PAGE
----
The Educational Department, after I was able to spell my name correctly on a piece of paper, deduced that I could read and write at a ninth-grade level. Health Services vampired a vile of blood from my vein and informed me that I did not have AIDS. Psych Services conducted a brief survey, during which I revealed my chronic consumption of tequila and magic mushrooms and gold spray paint and marijuana and powder cocaine and prescription painkillers and the fact that I was high as a bright blue sky when I committed every one of my crimes, and they determined I was a Low Priority for drug treatments. Those were all shrewd deductions, but I decided on my own, without the help of any experts, that I had a special gift for being out of control, not for being a criminal. If I were a gifted criminal, I’d be living in the Cayman Islands, driving an Aston Martin, wallpapering my villa with fifty dollar bills. But I wasn’t. My outlaw career was a disaster, and as a result I was ordered to spend a majority of my 30s wading through the penal cesspool, wearing elastic clown pants, flossing with razor wire.

There are the obvious personal and occupational repercussions of being a convicted felon. I’ve forfeited, among other things, my right to vote, possess a firearm, manufacture gambling devices, operate a funeral parlor, hold a liquor license, drive a school bus and/or enlist in the Navy.

But I’m okay with those sanctions. Shotguns and slot machines aren’t at the top of what I’m worried about. Nor are riots or shanks or dropping the soap or the sort of madness that stalked my thoughts back at E-House.

It’s the subtle repercussions of captivity that crush my spirit.

Deprivation.

I am a great lover of women. Whoa, did I say women? I meant food. I am a great lover of food. I become despondent when I think about deep dish pizza. Steaming hot and stacked to the heavens with roasted peppers and tangy tomatoes and silky smooth mozzarella. My mouth goes Sahara-dry when I dream about sushi. Slabs of raw, ruby-colored tuna chased with pickled ginger and flaming shots of wasabi. I weep like a sullen child when I see a grocery store ad in the newspaper. Bunches of emerald green grapes and sweet Georgia peaches and succulent strawberries and sun-kissed tangerines. I might sound like the lunatic who sits on the park bench and yells at the pigeons, but believe you me, after enduring years of greasy slop and institutional sausage, it sounds perfectly sane.

Estrangement.

The letters and phone calls and visits keep spirits afloat, but they can’t replace the real deal. Anybody doing a long stretch of time can sense the inevitable cycle of disaffection running its course, until there’s nothing left but smoky traces of places and people once known. The mailbox gets a little emptier each day. Acquaintances become strangers. Old friends fade away. Wives and girlfriends grow tired and lonely and go elsewhere for love. I know because I came to the joint married, and I will leave alone. That’s a real son of a bitch to swallow, but it’s part of the prison jackpot. No matter how much I love them or they love me, people have bills to pay, needs to meet, mouths to feed, lives to live. I can’t bribe them to care or beg them to stay or blame them for not wanting to play a fool’s game.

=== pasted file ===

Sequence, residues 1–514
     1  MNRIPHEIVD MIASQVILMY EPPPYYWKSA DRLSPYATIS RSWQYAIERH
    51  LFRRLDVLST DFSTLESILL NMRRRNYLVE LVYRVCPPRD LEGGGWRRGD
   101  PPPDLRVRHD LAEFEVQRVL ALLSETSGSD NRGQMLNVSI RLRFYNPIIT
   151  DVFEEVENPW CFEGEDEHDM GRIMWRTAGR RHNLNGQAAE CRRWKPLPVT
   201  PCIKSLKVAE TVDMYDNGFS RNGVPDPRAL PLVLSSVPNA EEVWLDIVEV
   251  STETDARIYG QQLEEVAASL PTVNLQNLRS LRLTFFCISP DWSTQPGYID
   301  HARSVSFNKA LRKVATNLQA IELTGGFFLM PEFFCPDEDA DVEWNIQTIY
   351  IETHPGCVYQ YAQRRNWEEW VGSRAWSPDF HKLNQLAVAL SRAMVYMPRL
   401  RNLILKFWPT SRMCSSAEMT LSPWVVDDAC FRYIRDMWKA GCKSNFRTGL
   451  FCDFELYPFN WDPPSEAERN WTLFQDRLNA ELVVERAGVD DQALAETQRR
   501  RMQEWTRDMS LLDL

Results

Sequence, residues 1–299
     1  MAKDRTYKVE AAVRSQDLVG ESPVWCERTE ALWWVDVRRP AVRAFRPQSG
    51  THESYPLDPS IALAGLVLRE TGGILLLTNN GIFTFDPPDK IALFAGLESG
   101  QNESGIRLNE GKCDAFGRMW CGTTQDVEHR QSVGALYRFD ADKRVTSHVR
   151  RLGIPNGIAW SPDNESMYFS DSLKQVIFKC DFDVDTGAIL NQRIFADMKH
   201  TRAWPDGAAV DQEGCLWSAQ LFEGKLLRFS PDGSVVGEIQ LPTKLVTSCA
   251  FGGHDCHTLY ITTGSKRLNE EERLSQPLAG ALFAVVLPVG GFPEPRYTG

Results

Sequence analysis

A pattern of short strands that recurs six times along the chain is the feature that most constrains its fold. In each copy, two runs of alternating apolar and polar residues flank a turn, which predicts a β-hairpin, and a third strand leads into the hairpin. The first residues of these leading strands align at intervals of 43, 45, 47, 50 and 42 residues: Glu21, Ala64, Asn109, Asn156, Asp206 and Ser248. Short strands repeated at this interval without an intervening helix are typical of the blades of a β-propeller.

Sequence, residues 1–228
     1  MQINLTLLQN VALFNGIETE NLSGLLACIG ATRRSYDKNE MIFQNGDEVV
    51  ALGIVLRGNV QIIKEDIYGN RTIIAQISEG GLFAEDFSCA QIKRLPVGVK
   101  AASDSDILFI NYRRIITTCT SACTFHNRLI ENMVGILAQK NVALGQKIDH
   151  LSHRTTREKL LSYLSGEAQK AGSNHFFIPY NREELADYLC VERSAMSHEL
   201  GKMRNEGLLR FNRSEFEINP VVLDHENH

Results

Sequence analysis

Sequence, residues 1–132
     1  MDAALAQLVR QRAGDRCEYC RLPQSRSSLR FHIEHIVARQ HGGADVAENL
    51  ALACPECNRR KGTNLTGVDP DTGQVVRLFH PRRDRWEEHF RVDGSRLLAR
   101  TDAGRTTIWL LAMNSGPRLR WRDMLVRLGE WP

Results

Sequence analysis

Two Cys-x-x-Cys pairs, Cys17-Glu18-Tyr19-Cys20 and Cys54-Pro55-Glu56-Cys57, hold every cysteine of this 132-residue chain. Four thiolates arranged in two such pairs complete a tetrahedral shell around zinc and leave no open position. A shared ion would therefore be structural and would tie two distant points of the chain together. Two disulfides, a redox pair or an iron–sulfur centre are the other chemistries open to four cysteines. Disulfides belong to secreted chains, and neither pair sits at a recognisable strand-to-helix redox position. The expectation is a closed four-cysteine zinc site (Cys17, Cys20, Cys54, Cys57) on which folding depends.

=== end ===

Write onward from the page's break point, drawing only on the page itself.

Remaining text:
Evanescence.

I call it Fleeting Peon Syndrome. Life itself is fleeting, especially looking at it through the grand-scheme lens, but prison life is the pinnacle of transience. At any moment, no matter how long I’ve been on my best behavior or how many pleases and thank yous I say, no matter how many doors I hold or hands I shake, if I succumb to even the slightest imbecility, or find myself on the business end of the wrong-place-wrong-time-wrong-guy scenario, I’ll be cuffed up and trundled off on a dolly like Hannibal Lecter and disappear into a steel-and-concrete dungeon and there will be a new editor of the Lino Ledger by tomorrow morning and the sun will rise in the east and fall in the west and the pistons of progress will continue to churn and new fires will be kindled and old ones dashed and nobody will miss a beat or give a damn. That’s how prison rolls.

What seems like a lifetime ago, I was a free man. Then the great sledgehammer of fate dropped down from the clouds and I was arrested at pistolpoint and crammed into the back of a squad car and then chauffeured to the county jail and then to a segregation cell and then to a bitter courtroom and on to a maximum security prison and soon to a halfway house and then, after seven years of reaping the whirlwind, I will go back to where this mad epic unexplainable chapter began.

I will once again be a free man.

tim computerTim Boland is known as Convict #232240. He is the editor of the Lino Ledger, the newspaper at the Minnesota Correctional Facility – Lino Lakes, where he writes a series of essays on prison life. He is, in his own words, “not a thug or an ice-cold menace or a career loser but a once-promising kid from the suburbs who went to State on a baseball ride and majored in creative writing and wrote for the campus paper and chased tight skirts and noble dreams but then one day drifted off and got reckless and lost in a cocaine smog and ended up arriving at a colossal achievement in idiocy.” He’s scheduled for release in 2015.